UV irradiation intensity: The UV irradiation intensity improved over the years. With regard to the use of UV light, lacks of cleaning and overuse were the problems concerned. A lamp should be kept clean to release irradiation and be substituted when the UV irradiation decreases below the standard level. At the beginning of our surveillance around 10 years ago, the staff were not fully informed about UV light maintenance, and the lights used then were often unqualified. Nowadays, the regular monitoring of the UV radiation intensity by the hospital ensures the effectiveness of UV disinfection. Continuous shielded UV at the room level may reduce infectious cases[17], and irradiation intensity should be routinely monitored to guarantee enough irradiation dosage.

      Use of disinfectants, sterilization of medical items and effects of steam sterilizer: povidone iodine, 75% ethanol, and chlorhexidine acetate were the most commonly used disinfectants for hand and skin hygiene. Before 2008, 2% iodine and iodine tincture were commonly used in clinics, whose use declined with the popularization of povidone iodine due to its superiority on disinfecting effectiveness, duration, and absence of adverse reactions, such as skin irritation. The disinfectant, commonly used for endoscopy, enteroscopy, and bronchoscopy, is 2% glutaraldehyde, while few other disinfectants have been used to replace glutaraldehyde even to date. The use of o-phthalaldehyde is suggested in some countries, and has been used sporadically in a few hospitals in our province.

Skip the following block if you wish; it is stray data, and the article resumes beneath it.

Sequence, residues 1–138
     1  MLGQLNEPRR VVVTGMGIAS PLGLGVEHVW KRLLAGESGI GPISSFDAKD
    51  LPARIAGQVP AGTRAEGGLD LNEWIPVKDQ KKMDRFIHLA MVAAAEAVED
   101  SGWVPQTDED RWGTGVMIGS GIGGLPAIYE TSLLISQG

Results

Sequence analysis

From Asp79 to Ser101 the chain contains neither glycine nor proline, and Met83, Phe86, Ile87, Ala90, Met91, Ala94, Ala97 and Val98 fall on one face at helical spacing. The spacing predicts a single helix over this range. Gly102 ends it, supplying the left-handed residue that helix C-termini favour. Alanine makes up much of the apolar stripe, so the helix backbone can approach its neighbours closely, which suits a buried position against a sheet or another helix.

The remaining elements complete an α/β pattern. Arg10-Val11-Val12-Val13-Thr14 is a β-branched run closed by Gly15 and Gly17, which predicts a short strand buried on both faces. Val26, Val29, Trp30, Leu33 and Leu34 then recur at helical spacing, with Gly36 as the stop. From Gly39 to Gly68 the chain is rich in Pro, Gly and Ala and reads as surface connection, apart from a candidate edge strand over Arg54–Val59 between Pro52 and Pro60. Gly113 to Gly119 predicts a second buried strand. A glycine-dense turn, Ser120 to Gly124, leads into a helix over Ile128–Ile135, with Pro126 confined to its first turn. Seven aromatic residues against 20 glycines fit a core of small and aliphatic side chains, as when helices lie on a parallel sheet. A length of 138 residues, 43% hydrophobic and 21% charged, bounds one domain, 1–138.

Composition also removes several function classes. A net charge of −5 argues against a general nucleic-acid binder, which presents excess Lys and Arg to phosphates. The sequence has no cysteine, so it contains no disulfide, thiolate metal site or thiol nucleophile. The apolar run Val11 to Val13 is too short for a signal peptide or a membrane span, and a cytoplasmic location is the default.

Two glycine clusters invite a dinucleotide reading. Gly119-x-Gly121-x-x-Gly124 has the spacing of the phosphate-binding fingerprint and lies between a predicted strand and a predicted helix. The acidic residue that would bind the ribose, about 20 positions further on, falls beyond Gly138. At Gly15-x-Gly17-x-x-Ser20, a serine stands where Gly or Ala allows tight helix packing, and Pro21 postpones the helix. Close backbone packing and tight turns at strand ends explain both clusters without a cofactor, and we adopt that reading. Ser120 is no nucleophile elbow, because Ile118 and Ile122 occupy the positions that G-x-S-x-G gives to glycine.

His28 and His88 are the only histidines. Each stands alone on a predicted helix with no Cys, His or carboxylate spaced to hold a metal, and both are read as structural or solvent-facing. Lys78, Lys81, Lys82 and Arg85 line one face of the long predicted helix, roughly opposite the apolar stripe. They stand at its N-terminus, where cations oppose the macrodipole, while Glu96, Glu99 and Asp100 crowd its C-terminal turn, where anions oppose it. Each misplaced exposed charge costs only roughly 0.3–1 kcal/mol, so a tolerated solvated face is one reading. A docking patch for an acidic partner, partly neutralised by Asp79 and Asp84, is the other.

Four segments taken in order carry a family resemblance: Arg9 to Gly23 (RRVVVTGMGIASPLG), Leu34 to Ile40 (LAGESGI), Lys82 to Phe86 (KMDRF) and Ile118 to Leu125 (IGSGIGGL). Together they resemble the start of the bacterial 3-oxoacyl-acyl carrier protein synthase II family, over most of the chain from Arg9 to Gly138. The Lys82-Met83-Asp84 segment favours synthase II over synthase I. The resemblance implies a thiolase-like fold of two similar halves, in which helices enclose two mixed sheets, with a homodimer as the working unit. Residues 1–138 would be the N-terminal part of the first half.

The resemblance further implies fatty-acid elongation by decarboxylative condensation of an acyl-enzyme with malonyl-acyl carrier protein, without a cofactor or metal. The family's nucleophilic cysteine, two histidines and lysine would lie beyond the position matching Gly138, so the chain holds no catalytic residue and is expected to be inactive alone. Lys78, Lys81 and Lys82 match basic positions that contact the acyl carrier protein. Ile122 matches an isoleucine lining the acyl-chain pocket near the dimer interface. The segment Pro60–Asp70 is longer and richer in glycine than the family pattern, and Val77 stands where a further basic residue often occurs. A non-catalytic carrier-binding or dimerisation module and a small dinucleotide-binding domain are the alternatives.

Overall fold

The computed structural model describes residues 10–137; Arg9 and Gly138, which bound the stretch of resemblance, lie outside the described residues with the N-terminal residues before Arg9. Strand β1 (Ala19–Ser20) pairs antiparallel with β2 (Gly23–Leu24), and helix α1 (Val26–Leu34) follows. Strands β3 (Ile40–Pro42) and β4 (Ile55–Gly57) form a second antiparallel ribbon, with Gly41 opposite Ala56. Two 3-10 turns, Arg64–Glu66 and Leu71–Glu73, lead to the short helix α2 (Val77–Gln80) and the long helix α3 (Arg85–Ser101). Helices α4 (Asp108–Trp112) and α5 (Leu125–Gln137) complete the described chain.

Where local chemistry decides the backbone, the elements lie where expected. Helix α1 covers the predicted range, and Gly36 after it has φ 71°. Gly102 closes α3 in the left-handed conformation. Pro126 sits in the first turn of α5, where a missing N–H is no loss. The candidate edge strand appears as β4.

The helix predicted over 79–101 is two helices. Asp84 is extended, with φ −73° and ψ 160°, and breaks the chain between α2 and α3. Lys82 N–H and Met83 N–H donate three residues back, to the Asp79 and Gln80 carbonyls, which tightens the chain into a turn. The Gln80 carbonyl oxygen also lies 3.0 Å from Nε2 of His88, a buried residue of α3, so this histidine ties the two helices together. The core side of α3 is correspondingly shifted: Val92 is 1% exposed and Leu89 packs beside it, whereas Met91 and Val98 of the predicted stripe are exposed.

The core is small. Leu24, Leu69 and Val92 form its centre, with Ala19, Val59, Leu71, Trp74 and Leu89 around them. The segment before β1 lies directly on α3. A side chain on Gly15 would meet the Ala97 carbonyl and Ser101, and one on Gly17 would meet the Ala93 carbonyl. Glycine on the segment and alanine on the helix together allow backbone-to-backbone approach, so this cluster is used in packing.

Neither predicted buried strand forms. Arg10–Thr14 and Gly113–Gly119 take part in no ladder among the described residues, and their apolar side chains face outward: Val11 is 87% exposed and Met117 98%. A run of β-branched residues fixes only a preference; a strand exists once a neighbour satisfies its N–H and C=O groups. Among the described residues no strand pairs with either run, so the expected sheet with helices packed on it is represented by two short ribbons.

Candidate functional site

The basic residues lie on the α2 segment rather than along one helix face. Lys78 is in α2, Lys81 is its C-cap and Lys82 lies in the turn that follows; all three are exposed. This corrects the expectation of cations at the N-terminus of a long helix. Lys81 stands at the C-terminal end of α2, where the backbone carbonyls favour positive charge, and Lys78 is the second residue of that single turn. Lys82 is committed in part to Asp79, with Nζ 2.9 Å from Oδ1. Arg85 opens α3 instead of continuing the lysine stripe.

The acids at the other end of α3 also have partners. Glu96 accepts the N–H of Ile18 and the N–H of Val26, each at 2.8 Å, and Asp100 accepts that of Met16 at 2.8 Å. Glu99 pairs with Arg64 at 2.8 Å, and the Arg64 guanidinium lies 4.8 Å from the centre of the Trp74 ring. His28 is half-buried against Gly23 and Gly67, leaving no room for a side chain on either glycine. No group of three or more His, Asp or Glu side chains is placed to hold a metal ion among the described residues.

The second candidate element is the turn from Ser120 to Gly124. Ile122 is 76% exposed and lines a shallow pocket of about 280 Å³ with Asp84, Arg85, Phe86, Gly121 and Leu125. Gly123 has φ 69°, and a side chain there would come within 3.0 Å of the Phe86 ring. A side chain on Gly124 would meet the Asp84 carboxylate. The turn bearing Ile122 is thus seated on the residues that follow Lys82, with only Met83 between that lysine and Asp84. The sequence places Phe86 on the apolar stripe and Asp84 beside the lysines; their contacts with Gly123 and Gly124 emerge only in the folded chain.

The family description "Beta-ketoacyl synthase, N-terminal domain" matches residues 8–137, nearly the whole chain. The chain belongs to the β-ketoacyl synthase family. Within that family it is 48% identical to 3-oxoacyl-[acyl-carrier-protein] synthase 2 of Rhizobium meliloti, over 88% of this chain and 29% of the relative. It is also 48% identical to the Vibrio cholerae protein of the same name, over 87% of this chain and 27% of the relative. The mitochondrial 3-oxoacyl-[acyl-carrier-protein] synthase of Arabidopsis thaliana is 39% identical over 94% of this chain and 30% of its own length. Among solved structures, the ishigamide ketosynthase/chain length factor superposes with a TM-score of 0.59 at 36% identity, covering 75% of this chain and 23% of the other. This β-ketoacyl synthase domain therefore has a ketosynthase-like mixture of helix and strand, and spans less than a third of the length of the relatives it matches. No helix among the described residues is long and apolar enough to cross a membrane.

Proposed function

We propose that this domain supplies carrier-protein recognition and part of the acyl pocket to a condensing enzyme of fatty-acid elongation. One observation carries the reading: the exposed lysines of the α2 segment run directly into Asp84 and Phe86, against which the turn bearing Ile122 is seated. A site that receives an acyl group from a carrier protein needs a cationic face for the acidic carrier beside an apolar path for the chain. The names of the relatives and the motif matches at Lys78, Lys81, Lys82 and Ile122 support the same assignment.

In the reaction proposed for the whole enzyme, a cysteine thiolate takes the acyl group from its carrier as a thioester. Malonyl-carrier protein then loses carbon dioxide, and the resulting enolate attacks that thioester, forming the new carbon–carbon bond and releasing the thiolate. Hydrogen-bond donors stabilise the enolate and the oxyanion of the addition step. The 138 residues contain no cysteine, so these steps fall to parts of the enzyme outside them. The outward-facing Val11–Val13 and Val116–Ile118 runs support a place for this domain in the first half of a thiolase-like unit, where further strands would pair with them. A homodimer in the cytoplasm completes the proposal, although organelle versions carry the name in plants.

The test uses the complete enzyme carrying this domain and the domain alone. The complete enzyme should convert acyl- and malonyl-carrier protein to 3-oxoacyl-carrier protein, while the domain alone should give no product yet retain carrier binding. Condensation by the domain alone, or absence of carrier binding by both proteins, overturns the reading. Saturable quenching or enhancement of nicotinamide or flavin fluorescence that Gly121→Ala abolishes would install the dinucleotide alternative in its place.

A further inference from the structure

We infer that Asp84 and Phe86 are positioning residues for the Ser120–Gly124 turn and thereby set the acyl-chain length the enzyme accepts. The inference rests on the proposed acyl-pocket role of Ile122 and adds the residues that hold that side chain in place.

The sterilized medical items that were assessed were mostly operating tools and sterilized disposable articles. Aseptic testing showed that microbiological contaminated items were primarily cotton swabs, disposable syringes, and disposable dental instrument boxes, which were sterilized by the manufacturers using ethylene oxide or hydrogen peroxide gas plasma. Some sterilized medical items, such as disposable syringe, were directly used during the treatment of patients with trauma, which indicates that the items contaminated with bacteria causes an emerging risk of nosocomial transmission. Hence, the use of sterilized medical items must be strictly regulated.

      Among the 243 cases of steam sterilizer assessment, only one failed during the testing in the first year. Gravity displacement and vacuum-assisted steam sterilizer were commonly used in clinics. Flash sterilization, low temperature sterilization, or sterilization using ethylene oxide gas and hydrogen peroxide gas plasma, were used in several health care settings. However, they were not included in our annual monitoring program. According to the monitoring report in other provinces[1820], most of the steam sterilizers produced ideal qualified rate, which indicated that the efficiency of sterilization was guaranteed in hospitals.

      The survey provides comprehensive insights into hygienic conditions of provincial affiliated secondary or tertiary public hospitals in Guangxi, and the results of the present study showed a significant improvement in the disinfection strategies of hospitals after the implementation of the health monitoring and supervision program. Moreover, we observed compliance changes among the staff over the years, and infection control officers of the hospitals undertake routine surveillance. It must be noted that regular cleaning and surveillance might be the most effective strategies in reducing nosocomial infections.

    Acknowledgments
    • The authors thank to the Institute of Health Inspection of Guangxi and participating hospitals, and colleagues and staff involved in the surveillance program. Chunai Tao contributed to the study analysis and manuscript writing. All authors participated in the sampling and testing, and contributed to the revision and agreed on the revised manuscript.